Prime Minister Manmohan Singh, in the course of a press conference held at Kabul on May, 12, was asked whether India would adopt the type of operation carried out by the US to eliminate the al-Qaeda chief in order to get the terrorists wanted by it. Dr. Singh said: “These are sensitive issues and we don’t discuss strategies on terror in press conferences.” He added: “We are not the US”. By so saying the Prime Minister has closed the option of a covert operation into Pakistan territory against those who are known to be supporting and sponsoring terrorist activity in our country. This also means that the terror camps that are functioning in Pakistan Occupied Kashmir and from where infiltration of large well armed groups is carried out will be allowed to function with impunity. It also implies that India will, in perpetuity, fight a low intensity conflict in its own territory, suffer casualties and bear losses.
While making this statement, the Prime Minister has not even given a cursory thought to the impact that it will have on the Indian soldiers. With one stroke they have been condemned to a debilitating and humiliating form of warfare which is totally unacceptable as a basic military doctrine. Since times immemorial militaries across the world have been following the strategy of taking the conflict in to enemy territory, but here in India, the reverse seems to be totally acceptable to the political leadership.
The Prime Minister was very right when he said that “we are not like the US”. There are many reasons why we are not and cannot be like the US. The US attained its independence through a war fought bravely and righteously against a much superior power. Having attained independence it has guarded the same zealously all through its short history as a Nation and continues to do so. India, with its ancient civilisation, is quite used to being down trodden by foreign forces, some have stayed back for good and some have looted and gone back.
The ideas held by the US about national security and honour are quite different from ours. The US follows the time tested tribal philosophy of family honour coming first and foremost (Something that India also believed in during the times of the Ramayana but gave up quite some time ago). For the US leadership, the loss of even one American life has to be avenged with all the might at its disposal. For the Indian leadership, human life, whether it is that of an Indian soldier, a Kashmiri hit by foreign terrorists, a deprived tribal hit by foreign sponsored Naxalites or anybody else, holds no value when weighed against personal, political or party interests. Some word of commiseration, a little bravado and our leadership is back doing what it likes best – shouting in Parliament or indulging in petty character assassination of the opposition through a proactive media.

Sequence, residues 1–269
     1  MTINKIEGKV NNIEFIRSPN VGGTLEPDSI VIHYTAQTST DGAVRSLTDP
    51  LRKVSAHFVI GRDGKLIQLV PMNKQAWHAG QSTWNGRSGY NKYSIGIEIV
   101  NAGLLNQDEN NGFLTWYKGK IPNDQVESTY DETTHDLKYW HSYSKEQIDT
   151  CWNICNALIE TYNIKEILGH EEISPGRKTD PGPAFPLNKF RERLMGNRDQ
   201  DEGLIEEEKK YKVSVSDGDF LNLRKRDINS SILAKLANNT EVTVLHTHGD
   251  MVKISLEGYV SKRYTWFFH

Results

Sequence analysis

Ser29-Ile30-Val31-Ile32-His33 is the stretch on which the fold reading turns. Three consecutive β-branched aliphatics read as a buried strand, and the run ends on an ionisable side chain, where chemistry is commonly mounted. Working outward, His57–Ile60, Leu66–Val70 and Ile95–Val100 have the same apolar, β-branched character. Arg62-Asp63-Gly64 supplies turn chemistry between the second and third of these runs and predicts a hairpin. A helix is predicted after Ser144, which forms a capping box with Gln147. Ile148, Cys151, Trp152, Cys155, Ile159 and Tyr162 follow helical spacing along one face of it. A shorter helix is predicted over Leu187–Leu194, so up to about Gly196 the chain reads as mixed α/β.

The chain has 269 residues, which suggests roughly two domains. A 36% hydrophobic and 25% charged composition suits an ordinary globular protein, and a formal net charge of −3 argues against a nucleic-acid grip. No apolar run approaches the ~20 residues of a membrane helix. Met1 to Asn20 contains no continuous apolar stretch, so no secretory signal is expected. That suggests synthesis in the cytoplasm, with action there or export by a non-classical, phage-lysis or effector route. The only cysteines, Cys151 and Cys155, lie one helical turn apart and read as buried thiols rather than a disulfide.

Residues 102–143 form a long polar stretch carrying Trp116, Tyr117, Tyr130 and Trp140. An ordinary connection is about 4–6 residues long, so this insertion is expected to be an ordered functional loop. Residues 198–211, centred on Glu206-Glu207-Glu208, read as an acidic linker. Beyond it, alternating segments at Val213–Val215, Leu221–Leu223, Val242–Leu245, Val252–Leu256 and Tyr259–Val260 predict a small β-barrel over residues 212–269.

When it comes to the matter of security consciousness, the US does not fight shy of heavily taxing its citizens to spend trillions of dollars to keep its soldier well equipped and ready for combat against all possible threats worldwide. The killing of bin Laden has proved that the US can and will strike at any place in the world which it feels, even remotely, threatens its security interests. More significantly, it has the means to do so. In India there is a lot of sloganeering for the brave soldier but not much beyond that. How many questions have been raised in parliament about the poor state of equipment which the Indian army is holding? Does the nation realise that we are now on the verge of a 1965 type of situation where even Pakistan will be better equipped than us? We are nowhere as far as defence research and development is concerned and not even willing to set time bound programmes of modernisation to maintain an edge, at least against Pakistan. Comparing with China is, by now, an impossible dream. National security today has become a victim of bureaucratic stalling of defence acquisition and no one seems to be bothered.
There is, however, one aspect where we are like the US. The people of both countries repose unflinching trust, regard and respect for their soldiers. In India, this is probably the only factor which is keeping our Armed Forces going. The views expressed by Prime Minister Manmohan Singh in Kabul may not necessarily be the views of a majority of the people of the country who want their Armed Forces to be strong, well equipped and capable of proactively meeting all inimical challenges to the Nation’s security. The old and tired leadership of our Nation is out of sync with the realities on ground. It simply does not have the will to take tough calls (like the one President Obama has taken) and as such opts for a status quo.
In a way the uninterested, passive, conciliatory, placid, acquiescent, submissive approach being followed by our country is most apt since our forces, though not wanting in morale or training, do suffer from a severe restriction of being inadequately equipped. Our outdated MI-8 helicopters of Russian origin are no match to the ultra sophisticated stealth helicopters used by the American Navy Seals in the operation to kill bin Laden. Yes, we can launch covert operations but first we would need the right equipment and political support, both of which are lacking. There is one issue that the leadership of the country needs to clarify to the nation – is their passivity the reason behind the poor condition of our Armed Forces or is the poor condition of our Armed Forces the reason behind their passivity? Till such time that this question is answered honestly and addressed urgently we cannot hope to be like the US.